Tuesday, June 23, 2015

Anesthesiologist Caught On Recording Insulting Patient

An anesthesiologist in Virginia lost a $500,000 malpractice suit when a patient recorded the conversation inside a GI procedure room. The patient had set his cellphone to record so that he could remember his post colonoscopy instructions. He accidentally left it on when he went in for his study.

What he found was shocking and humiliating. He heard the gastroenterologist, Dr. Soloman Shah, and the anesthesiologist, Dr. Tiffany Ingham. make derogatory comments about his masculinity and anatomy. They snidely remarked about the man's penis, saying a lesion may be syphillis, TB, or even Ebola. The anesthesiologist suggested the patient should "man up" when he was squeamish about getting his IV line started. The anesthesiologist, for no good reason, even lied and wrote on her record that the postop diagnosis included hemorrhoids when in fact the patient did not have the condition.

For these comments, the jury found Dr. Ingham guilty of defamation and awarded the plaintiff $100,000. Then they piled on $200,000 for medical malpractice, even though as far as we know, the anesthetic was fine. And then the jury gave the man another $200,000 for punitive damages. Shockingly, Dr. Shah was let out of the case. This was despite the fact that he too was heard on the audio agreeing with and contributing to the derogatory comments. Either he had a much better malpractice attorney than the anesthesiologist, or he had much worse malpractice insurance.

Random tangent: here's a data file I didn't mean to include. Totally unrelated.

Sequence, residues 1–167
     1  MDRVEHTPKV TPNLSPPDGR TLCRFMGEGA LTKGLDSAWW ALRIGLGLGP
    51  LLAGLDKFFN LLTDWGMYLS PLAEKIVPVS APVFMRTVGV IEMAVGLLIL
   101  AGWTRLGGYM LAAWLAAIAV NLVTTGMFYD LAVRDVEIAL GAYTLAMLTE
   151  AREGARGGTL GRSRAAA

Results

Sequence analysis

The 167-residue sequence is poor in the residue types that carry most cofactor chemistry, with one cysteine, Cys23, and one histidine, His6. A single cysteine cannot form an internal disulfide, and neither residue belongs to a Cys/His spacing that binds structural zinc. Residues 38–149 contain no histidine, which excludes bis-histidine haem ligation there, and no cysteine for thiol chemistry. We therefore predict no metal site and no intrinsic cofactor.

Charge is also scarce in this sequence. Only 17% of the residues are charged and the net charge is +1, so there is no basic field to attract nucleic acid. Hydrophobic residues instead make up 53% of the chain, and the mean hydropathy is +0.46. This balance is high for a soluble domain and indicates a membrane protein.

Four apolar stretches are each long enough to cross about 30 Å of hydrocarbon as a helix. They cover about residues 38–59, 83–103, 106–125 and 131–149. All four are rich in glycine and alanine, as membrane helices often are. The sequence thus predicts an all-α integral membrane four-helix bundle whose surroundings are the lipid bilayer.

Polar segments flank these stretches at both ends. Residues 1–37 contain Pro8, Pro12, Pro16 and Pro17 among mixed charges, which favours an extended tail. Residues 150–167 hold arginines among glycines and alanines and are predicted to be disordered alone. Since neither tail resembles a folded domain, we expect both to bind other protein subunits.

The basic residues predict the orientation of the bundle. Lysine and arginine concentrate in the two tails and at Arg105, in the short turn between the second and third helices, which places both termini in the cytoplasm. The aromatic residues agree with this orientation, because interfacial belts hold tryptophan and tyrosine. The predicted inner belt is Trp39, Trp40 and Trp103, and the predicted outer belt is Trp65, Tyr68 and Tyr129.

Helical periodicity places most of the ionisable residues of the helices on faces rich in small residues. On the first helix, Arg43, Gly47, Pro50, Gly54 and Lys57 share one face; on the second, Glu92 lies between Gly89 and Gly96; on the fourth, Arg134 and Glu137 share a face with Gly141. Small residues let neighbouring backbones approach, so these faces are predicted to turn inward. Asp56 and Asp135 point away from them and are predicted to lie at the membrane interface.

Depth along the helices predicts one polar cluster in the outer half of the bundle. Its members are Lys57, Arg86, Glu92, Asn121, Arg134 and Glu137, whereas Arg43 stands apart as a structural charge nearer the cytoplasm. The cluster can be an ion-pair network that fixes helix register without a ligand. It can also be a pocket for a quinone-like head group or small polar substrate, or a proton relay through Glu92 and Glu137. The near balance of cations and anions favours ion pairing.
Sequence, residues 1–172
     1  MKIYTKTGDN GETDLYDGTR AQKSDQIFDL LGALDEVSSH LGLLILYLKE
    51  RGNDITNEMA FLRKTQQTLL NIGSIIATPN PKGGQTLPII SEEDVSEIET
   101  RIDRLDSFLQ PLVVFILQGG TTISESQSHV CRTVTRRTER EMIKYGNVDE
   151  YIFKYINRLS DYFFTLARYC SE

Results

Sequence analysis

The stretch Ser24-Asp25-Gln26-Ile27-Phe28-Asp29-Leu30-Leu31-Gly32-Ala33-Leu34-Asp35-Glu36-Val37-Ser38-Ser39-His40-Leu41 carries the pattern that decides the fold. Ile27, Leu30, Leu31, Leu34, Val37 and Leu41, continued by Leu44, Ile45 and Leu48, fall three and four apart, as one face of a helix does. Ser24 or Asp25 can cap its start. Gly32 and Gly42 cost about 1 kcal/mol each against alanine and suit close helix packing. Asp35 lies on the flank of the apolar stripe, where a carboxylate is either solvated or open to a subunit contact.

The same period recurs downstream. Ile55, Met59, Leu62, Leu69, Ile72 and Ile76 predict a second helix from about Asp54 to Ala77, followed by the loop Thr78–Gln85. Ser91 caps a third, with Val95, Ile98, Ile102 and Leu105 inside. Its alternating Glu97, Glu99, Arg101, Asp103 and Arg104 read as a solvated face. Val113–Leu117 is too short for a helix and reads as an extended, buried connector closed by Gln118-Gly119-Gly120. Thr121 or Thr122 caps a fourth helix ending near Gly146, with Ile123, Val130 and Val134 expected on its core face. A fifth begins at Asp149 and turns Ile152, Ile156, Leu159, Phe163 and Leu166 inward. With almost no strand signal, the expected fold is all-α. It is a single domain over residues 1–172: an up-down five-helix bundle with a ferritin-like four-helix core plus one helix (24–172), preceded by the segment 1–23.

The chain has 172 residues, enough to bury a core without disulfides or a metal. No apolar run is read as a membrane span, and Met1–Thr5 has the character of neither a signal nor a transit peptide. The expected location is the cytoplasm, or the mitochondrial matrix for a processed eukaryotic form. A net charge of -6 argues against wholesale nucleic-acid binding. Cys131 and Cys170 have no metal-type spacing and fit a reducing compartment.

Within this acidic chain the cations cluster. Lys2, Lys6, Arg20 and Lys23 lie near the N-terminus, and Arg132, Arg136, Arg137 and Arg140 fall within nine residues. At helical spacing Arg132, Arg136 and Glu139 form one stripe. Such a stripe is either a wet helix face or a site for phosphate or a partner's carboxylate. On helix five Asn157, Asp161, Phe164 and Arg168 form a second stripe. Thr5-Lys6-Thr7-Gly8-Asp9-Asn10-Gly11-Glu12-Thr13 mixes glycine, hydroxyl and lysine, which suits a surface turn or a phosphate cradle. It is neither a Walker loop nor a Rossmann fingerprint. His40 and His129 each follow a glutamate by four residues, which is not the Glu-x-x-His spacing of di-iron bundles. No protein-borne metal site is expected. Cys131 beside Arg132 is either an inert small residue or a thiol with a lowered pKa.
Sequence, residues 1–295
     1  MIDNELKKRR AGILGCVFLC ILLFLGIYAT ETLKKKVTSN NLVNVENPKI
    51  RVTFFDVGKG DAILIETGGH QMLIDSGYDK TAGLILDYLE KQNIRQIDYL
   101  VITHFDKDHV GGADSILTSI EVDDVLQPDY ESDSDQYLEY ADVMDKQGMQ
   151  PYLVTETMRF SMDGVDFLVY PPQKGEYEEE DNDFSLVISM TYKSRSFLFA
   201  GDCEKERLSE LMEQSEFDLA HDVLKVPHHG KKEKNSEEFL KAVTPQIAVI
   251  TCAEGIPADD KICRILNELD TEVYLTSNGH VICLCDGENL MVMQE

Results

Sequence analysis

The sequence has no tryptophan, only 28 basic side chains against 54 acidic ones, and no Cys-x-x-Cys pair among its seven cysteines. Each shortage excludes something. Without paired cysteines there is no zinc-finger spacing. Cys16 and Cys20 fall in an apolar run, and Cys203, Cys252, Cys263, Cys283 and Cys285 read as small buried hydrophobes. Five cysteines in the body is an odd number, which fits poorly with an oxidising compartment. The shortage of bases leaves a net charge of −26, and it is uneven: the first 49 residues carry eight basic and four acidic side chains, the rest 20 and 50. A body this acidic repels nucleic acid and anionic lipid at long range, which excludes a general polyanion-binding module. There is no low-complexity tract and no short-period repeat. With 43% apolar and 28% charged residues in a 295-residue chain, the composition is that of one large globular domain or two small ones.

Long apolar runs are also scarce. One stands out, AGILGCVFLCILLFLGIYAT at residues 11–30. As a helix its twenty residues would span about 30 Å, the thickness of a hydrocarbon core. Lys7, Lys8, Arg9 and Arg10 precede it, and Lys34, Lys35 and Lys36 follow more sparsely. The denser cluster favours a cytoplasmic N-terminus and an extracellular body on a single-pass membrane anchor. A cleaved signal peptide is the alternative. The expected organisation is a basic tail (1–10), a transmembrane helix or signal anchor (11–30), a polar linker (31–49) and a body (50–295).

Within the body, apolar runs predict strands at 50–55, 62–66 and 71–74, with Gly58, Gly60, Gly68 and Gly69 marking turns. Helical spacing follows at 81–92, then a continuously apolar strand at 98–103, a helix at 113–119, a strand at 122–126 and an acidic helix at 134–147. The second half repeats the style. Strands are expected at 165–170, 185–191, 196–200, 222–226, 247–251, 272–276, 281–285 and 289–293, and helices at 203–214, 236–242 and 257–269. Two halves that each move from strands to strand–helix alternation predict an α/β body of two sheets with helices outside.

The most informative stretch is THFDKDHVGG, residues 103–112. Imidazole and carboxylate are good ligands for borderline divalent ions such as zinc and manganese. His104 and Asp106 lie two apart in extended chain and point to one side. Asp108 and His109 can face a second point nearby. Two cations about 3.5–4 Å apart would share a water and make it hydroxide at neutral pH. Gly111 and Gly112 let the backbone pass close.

What's the lesson here? Anesthesiologists should treat their patients as well when they're asleep as when they're awake. In fact, they should take care of their sedated patients even better since they have no way to defend themselves while they are in such a vulnerable position. And if you hear anyone else in the OR making stupid remarks about a sleeping patient, remember that you too can be found liable for being an accessory to defamation.

Saturday, May 30, 2015

Preaching To The Choir

There are some scientific papers out there that are so original and groundbreaking that they change the paradigm of science and medicine as we know it. Think about Watson and Crick's discovery of DNA or Marshall and Warren's description of H. pylori. These are truly revolutionary research that changed the course of medicine and well deserving of their Nobel prizes. This paper presented at the recent Digestive Disease Week, the preeminent GI conference in the country, isn't one of them however.